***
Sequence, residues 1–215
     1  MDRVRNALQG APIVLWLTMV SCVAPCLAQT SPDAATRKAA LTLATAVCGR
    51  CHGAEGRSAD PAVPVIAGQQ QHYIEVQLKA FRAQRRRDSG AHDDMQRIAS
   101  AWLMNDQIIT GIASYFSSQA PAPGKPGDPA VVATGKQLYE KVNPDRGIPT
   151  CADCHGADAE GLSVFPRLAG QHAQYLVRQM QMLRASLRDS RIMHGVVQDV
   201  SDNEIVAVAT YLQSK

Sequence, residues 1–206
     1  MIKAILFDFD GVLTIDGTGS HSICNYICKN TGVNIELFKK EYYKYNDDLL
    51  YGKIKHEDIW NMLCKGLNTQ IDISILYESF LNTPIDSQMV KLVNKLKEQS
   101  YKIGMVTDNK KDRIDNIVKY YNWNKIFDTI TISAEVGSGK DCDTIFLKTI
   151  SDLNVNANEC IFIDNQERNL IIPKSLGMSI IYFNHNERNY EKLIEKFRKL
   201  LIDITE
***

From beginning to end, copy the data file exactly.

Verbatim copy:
Sequence, residues 1–215
     1  MDRVRNALQG APIVLWLTMV SCVAPCLAQT SPDAATRKAA LTLATAVCGR
    51  CHGAEGRSAD PAVPVIAGQQ QHYIEVQLKA FRAQRRRDSG AHDDMQRIAS
   101  AWLMNDQIIT GIASYFSSQA PAPGKPGDPA VVATGKQLYE KVNPDRGIPT
   151  CADCHGADAE GLSVFPRLAG QHAQYLVRQM QMLRASLRDS RIMHGVVQDV
   201  SDNEIVAVAT YLQSK

Sequence, residues 1–206
     1  MIKAILFDFD GVLTIDGTGS HSICNYICKN TGVNIELFKK EYYKYNDDLL
    51  YGKIKHEDIW NMLCKGLNTQ IDISILYESF LNTPIDSQMV KLVNKLKEQS
   101  YKIGMVTDNK KDRIDNIVKY YNWNKIFDTI TISAEVGSGK DCDTIFLKTI
   151  SDLNVNANEC IFIDNQERNL IIPKSLGMSI IYFNHNERNY EKLIEKFRKL
   201  LIDITE